Winnipeg Free Press - PRINT EDITION

Depp should be red-faced

Actor has many reasons for being ashamed of playing Tonto

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When I heard about Johnny Depp playing Tonto in the new Lone Ranger reboot, my first thought was, Hello, have the producers not heard of Adam Beach?


Beach is charismatic and easy on the eyes. He's worked in some award-winning films.

And, crucially, he's an actual First Nations man, not just the dress-up version.

After seeing The Lone Ranger, which is an unworkable mix of nastiness and forced fun, I think the Manitoba-born Beach might have dodged a (silver) bullet. Still, even if Beach didn't want a role that required him to wear a taxidermy crow on his head and talk without using complicated "white man" verb tenses, he, and other indigenous actors (Lorne Cardinal? Billy Merasty?), should have had right of first refusal.

There have been a few defences of the decision to cast Johnny Depp as Tonto. Let's try them out:



Yes, I know. Actors put on costumes and makeup and pretend to be other people, like pirates and vampires and guys with scissors for hands. That's what they do. But if an ethnic role requires you to use spray-on body-paint and adopt a "funny" accent, that's probably a sign that you've crossed a line into cultural insensitivity.

While making vague claims to one-sixteenth Cherokee blood (why is it always Cherokee?), Depp is pretty white. In fact, in Tim Burton films, he's super-white, really working the extreme pallor thing. He's undeniably donned a kind of "red-face" for the role of Tonto.

The issue also involves simple fairness. It's not as if we're living in some post-racial utopia of colour-blind casting. The movies are still heavily weighted toward white stars. For most action heroes and romantic leads, the default setting is white. So when you finally get a major role that is specified as a First Nations character, gee, why not match it with a First Nations actor?



Well, the road to hell and all that.

I don't think he means to be offensive. Depp has said in press interviews that he was struck, even as a child, by the idea that Tonto got a lousy deal. In this project, he's hoping "to take some of the ugliness thrown on the Native Americans, not only in The Lone Ranger, but the way Indians were treated throughout history of cinema, and turn it on its head."

It's true that The Lone Ranger makes Tonto less of a stoic sidekick and more of a comic lead, with the less-known Armie Hammer playing hapless straight man as the titular masked man. And Tonto's pragmatism is often contrasted with the ridiculous, fancified notions of the white characters. But it still feels like an outside view, an updated gloss on the idea of "the noble savage."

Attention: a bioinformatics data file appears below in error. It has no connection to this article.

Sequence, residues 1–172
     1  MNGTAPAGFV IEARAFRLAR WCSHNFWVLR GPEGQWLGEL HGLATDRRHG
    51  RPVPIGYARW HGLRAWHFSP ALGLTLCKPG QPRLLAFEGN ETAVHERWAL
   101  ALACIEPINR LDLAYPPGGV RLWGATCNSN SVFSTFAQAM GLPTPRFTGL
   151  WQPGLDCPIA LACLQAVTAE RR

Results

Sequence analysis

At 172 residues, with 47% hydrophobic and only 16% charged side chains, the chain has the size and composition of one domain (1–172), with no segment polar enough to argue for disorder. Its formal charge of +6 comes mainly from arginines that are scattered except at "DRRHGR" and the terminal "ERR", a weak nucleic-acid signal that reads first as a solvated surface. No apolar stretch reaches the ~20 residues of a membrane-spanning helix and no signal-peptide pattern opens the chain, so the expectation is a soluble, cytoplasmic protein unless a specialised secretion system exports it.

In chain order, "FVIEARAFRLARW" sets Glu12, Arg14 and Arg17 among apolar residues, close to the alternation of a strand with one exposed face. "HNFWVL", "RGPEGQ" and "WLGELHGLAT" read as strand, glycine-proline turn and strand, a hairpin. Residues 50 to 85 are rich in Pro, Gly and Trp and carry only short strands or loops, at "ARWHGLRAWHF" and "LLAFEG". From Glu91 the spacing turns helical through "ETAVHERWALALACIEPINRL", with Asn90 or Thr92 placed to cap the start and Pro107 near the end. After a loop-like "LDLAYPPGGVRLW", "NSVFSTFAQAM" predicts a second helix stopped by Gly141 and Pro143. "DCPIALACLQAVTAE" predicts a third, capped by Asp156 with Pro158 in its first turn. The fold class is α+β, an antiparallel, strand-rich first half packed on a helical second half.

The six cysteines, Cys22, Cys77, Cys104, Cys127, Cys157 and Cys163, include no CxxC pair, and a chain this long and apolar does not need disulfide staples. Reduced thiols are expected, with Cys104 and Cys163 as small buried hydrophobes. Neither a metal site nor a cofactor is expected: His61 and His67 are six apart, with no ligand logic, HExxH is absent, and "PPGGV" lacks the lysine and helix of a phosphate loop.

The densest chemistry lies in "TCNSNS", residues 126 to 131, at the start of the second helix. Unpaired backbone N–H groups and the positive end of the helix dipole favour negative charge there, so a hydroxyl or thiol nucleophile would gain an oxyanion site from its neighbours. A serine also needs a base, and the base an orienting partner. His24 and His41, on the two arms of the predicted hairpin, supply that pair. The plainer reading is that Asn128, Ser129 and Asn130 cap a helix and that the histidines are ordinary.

Granted, it's not like The Lone Ranger is pretending to be historically accurate. It's got horses jumping onto moving trains and enough explosions to blow up Monument Valley. It's a Jerry Bruckheimer movie machine, engineered to crank out sequels and theme-park rides and fast-food tie-ins.

But this blockbuster Disney movie still has pretensions to being a revisionist western full of Big Ideas. There's a kind of Occupy Dodge City theme in The Lone Ranger, in which the bad guys are all part of the military-industrial-capitalist complex, while the good guys are all African-Americans, American Indians, Chinese railway workers and women.

Of course, this clunky politically-correct line would be more convincing if the white guys didn't get almost all of the lines.



There is a sense that Depp transcends the usual rules because of his megawatt star power and cut-glass cheekbones. Because of his sheer Johnny Deppness.

But it feels as if his aura is starting to fade (though the cheekbones are, admittedly, still impressive). His recent roles feel less like performances and more like elaborate impersonations, whether he's channelling Michael Jackson for his daffy take on Willy Wonka or a drunken Keith Richards for Captain Jack Sparrow.

In The Lone Ranger, Depp's Tonto is kind of a stone-faced Buster Keaton with a smidge of Alice Cooper and a finishing flourish of the Forever 21 "tribal" summer line. So yes, his performance is aggressively offbeat. But it's not that great.



Why a man who's signed on for five Pirates of the Caribbean outings still gets billed as a rebel, I'll never know. Showing up at movie premieres looking like a hobo is not the same as challenging the Hollywood status quo.

For a guy who starred in one of the most revisionist anti-Westerns ever made, Jim Jarmusch's 1995 film Dead Man, Depp seems to have lost his way. As Tonto says -- several times, in his preordained role as spiritual sage -- "Nature is out of balance." With this last questionably "quirky" role choice, so is Depp's career.

Republished from the Winnipeg Free Press print edition July 6, 2013 D12

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